Nuts & Bolts of Hardware

Posted:  Feb 29, 2016
The world of architectural hardware has a lot of parallels in my mind to the wardrobe that leads to Narnia. I didn’t know it was there, even though it was essentially in front of my eyes the whole time, and it’s full of interesting and exciting characters that are opening my eyes up to how I’ve lived my own life.

This is only a slight exaggeration for effect.


My dad is an electrician and my in-laws have worked in the door hardware business ever since I’ve known them, so I was always aware that construction was an industry that existed and could be a career, but I didn’t think it was anything I could do.


Construction to me meant building things or, in the case of my in-laws, working for a company that provided products to construction workers.  There are so many more forces in play, though, that I feel slip under the radar of people who actually use and work in these buildings that my whole life now revolves around.


First – architects.  Yes, they draw plans.  I never knew who hired them or what exactly they did besides build balsa-wood models.  I always pictures them as the artistic types of romantic comedies, but they are a major player in the construction business.
Architects write up the blueprints and hardware schedules that literally make up that building.  This is where I come in.  My job is to help architects with the hardware schedules and with any other things they need while writing up the specifications and submittals for these buildings.  Coming into this field it was hard to believe that the entirety of a building is written, from scratch, on a piece of paper.  Surely it must be more complex than that – computer programs, lists of supplies for each stage.  Well, it’s complicated all right, and it’s all in one place.


General contractors – I had the vague idea that these guys are the actual construction crew.  I was right, but it is such a small part of the truth!  These guys have to big on jobs and get accepted by the building owners and architects.  There is a lot of relationship work that goes on here, and I’m impressed every time I see one of those panel vans that say “John Doe, General Contractor.” That guy is building a business from the ground up.  Is there anything more American than going to work for yourself and depending on your own hard work like that?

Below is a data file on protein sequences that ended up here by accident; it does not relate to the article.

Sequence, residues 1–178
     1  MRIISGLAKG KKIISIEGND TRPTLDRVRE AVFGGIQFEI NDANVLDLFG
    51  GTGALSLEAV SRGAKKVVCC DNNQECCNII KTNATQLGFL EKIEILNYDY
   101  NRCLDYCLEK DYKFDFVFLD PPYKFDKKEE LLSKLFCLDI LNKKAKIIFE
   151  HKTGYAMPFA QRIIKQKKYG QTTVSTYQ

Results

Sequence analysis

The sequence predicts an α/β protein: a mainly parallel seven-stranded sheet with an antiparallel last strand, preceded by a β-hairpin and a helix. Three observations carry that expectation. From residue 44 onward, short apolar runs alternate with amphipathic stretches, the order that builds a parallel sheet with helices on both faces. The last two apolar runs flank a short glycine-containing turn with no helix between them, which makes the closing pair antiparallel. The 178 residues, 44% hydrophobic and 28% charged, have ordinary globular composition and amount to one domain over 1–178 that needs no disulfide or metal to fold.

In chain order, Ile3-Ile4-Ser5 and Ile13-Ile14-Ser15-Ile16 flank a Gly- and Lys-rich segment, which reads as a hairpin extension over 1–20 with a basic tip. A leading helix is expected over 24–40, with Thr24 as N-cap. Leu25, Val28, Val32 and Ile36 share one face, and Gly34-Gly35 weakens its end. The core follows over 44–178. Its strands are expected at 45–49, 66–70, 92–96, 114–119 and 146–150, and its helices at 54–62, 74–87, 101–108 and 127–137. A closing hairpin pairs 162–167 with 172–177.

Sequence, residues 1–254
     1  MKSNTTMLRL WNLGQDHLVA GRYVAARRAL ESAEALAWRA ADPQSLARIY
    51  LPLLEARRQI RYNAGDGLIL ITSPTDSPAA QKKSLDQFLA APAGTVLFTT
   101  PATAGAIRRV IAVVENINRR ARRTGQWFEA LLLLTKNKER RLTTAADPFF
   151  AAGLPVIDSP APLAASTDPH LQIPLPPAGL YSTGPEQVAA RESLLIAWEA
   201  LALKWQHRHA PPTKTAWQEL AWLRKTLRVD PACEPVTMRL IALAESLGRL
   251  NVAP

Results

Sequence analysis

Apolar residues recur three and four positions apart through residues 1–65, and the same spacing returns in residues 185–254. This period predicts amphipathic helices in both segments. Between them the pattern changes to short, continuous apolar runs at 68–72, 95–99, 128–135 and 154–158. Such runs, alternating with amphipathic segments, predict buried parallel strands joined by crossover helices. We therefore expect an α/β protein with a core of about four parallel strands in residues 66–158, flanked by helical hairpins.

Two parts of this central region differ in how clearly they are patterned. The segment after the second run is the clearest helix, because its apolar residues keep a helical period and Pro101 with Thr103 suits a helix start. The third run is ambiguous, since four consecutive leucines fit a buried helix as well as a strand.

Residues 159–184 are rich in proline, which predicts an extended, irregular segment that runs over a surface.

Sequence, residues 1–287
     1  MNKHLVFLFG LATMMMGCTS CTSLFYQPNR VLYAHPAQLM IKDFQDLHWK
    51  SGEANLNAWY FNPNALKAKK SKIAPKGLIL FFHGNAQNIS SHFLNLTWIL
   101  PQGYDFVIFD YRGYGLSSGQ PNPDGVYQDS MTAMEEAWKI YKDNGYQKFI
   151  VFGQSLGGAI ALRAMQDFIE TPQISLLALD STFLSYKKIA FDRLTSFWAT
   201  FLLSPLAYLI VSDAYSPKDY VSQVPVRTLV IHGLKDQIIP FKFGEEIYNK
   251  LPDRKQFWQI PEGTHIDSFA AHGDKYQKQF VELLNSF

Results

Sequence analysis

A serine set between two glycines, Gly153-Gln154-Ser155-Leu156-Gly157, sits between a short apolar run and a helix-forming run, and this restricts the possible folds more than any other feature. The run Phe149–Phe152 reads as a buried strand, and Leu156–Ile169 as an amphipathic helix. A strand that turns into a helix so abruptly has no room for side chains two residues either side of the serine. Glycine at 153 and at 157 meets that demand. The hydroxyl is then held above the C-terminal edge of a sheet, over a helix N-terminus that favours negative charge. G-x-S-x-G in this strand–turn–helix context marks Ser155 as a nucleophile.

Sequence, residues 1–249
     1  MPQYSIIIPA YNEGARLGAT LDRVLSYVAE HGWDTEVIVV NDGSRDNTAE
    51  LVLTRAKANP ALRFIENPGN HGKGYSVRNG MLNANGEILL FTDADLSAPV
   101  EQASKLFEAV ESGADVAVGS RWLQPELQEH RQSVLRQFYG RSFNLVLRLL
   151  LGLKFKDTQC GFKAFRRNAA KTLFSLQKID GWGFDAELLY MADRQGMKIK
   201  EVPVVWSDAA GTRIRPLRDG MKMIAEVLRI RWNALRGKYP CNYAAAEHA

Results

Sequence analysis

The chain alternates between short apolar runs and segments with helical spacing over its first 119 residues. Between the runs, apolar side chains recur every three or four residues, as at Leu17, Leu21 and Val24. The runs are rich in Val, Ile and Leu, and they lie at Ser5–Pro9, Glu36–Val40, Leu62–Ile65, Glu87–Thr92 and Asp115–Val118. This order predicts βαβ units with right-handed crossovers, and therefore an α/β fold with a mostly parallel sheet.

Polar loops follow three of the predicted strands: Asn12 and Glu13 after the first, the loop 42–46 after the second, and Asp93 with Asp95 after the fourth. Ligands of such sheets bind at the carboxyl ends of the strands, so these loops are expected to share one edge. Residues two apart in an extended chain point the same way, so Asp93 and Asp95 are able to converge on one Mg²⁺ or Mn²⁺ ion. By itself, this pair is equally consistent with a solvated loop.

Distributors supply products to general contractors and develop relationships with architects to make sure their products are used in construction.  They work off the specification and hardware submittals to supply all the products for a building (obviously there are multiple distributors for every project – everything from door hardware to interior design).  This field is hugely specialized and enormous.  Drive through any industrial area in any city, and you’re looking at 90% distributors.  


Now enters the sales agencies.  They provide products to the distributors and as I already mentioned, support and resources to architects.  They can talk with general contractors about what’s needed on a project and any problems that may arise in installation or use.  


Of course, in a field with so much competition, the field is in constant motion regarding relationships between all these players.  Local codes and building standards that are constantly under review also make for a dynamic work place!


Meanwhile, the average joe sees on a construction crane on the horizon or a formerly empty lot being built up and thinks “huh, I wonder what that’s going to be.”  Little do they (or did I, a few months ago) know that behind the scenes is a dynamic world that employs so many hard working people

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